End hunger, achieve food security and improved nutrition and promote sustainable agriculture
The number of undernourished people has dropped by almost half in the past two decades because of rapid economic growth and increased agricultural productivity. Many developing countries that used to suffer from famine and hunger can now meet their nutritional needs. Central and East Asia, Latin America and the Caribbean have all made huge progress in eradicating extreme hunger.
Unfortunately, extreme hunger and malnutrition remain a huge barrier to development in many countries. There are 821 million people estimated to be chronically undernourished as of 2017, often as a direct consequence of environmental degradation, drought and biodiversity loss. Over 90 million children under five are dangerously underweight. Undernourishment and severe food insecurity appear to be increasing in almost all regions of Africa, as well as in South America.
The SDGs aim to end all forms of hunger and malnutrition by 2030, making sure all peopleâ€“especially childrenâ€“have sufficient and nutritious food all year. This involves promoting sustainable agricultural, supporting small-scale farmers and equal access to land, technology and markets. It also requires international cooperation to ensure investment in infrastructure and technology to improve agricultural productivity.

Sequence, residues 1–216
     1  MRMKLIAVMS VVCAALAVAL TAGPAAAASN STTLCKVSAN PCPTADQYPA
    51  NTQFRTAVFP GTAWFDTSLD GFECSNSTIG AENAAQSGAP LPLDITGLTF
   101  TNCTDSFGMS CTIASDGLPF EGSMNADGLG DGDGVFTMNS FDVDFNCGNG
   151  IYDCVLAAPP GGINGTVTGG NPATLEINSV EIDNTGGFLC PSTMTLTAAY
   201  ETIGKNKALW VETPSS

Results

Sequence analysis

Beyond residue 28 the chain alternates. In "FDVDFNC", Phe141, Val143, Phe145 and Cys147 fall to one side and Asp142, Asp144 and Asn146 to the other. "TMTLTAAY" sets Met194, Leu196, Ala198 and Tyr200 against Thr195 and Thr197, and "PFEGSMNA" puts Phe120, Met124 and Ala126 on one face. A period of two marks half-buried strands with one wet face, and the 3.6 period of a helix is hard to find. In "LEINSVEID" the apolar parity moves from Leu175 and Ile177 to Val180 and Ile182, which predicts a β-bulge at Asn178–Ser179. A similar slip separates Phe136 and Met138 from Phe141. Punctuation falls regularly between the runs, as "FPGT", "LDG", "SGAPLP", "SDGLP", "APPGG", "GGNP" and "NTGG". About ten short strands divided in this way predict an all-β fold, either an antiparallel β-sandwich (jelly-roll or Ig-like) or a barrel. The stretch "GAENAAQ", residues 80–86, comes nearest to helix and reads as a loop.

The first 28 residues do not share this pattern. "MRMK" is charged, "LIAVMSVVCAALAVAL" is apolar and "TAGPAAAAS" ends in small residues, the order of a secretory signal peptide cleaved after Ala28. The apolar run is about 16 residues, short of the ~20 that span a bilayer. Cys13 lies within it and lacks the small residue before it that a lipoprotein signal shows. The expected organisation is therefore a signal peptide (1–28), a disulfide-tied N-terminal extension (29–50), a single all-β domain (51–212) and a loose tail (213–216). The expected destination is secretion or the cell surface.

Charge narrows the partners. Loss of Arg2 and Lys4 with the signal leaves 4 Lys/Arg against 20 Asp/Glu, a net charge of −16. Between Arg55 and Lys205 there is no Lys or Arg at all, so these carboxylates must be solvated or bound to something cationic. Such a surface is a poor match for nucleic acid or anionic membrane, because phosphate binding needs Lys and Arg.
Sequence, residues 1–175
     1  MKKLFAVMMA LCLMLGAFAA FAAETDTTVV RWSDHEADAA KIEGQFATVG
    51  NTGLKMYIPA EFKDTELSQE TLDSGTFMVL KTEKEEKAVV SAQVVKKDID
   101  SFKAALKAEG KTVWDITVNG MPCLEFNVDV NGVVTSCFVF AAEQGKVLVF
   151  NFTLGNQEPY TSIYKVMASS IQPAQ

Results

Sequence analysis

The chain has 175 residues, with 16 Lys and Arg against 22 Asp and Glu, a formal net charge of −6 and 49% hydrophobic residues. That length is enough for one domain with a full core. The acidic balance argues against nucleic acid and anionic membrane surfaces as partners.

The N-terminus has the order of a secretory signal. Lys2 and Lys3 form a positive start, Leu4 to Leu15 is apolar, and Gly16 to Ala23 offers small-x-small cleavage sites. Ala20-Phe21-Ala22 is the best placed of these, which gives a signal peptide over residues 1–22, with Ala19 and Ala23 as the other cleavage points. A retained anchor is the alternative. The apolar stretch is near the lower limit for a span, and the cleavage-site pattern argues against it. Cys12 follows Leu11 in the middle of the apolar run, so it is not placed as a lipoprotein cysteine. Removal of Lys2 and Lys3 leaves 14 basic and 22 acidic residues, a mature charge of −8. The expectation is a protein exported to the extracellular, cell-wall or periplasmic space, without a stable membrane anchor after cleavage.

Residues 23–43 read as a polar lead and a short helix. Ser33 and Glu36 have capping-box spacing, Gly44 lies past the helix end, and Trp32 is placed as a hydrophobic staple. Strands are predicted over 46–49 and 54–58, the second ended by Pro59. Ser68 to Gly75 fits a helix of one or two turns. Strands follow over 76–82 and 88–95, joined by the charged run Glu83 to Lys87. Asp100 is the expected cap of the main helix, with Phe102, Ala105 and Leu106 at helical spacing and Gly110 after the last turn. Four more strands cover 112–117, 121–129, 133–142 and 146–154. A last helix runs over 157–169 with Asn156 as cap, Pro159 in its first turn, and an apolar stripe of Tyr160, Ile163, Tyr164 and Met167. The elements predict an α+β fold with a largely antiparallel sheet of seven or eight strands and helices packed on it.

Strengthen resilience and adaptive capacity to climate-related hazards and natural disasters in all countries
Integrate climate change measures into national policies, strategies and planning
Improve education, awareness-raising and human and institutional capacity on climate change mitigation, adaptation, impact reduction and early warning
Implement the commitment undertaken by developed-country parties to the United Nations Framework Convention on Climate Change to a goal of mobilizing jointly $100 billion annually by 2020 from all sources to address the needs of developing countries in the context of meaningful mitigation actions and transparency on implementation and fully operationalize the Green Climate Fund through its capitalization as soon as possible
Promote mechanisms for raising capacity for effective climate change-related planning and management in least developed countries and small island developing States, including focusing on women, youth and local and marginalized communities
* Acknowledging that the United Nations Framework Convention on Climate Change is the primary international,
intergovernmental forum for negotiating the global response to climate change.
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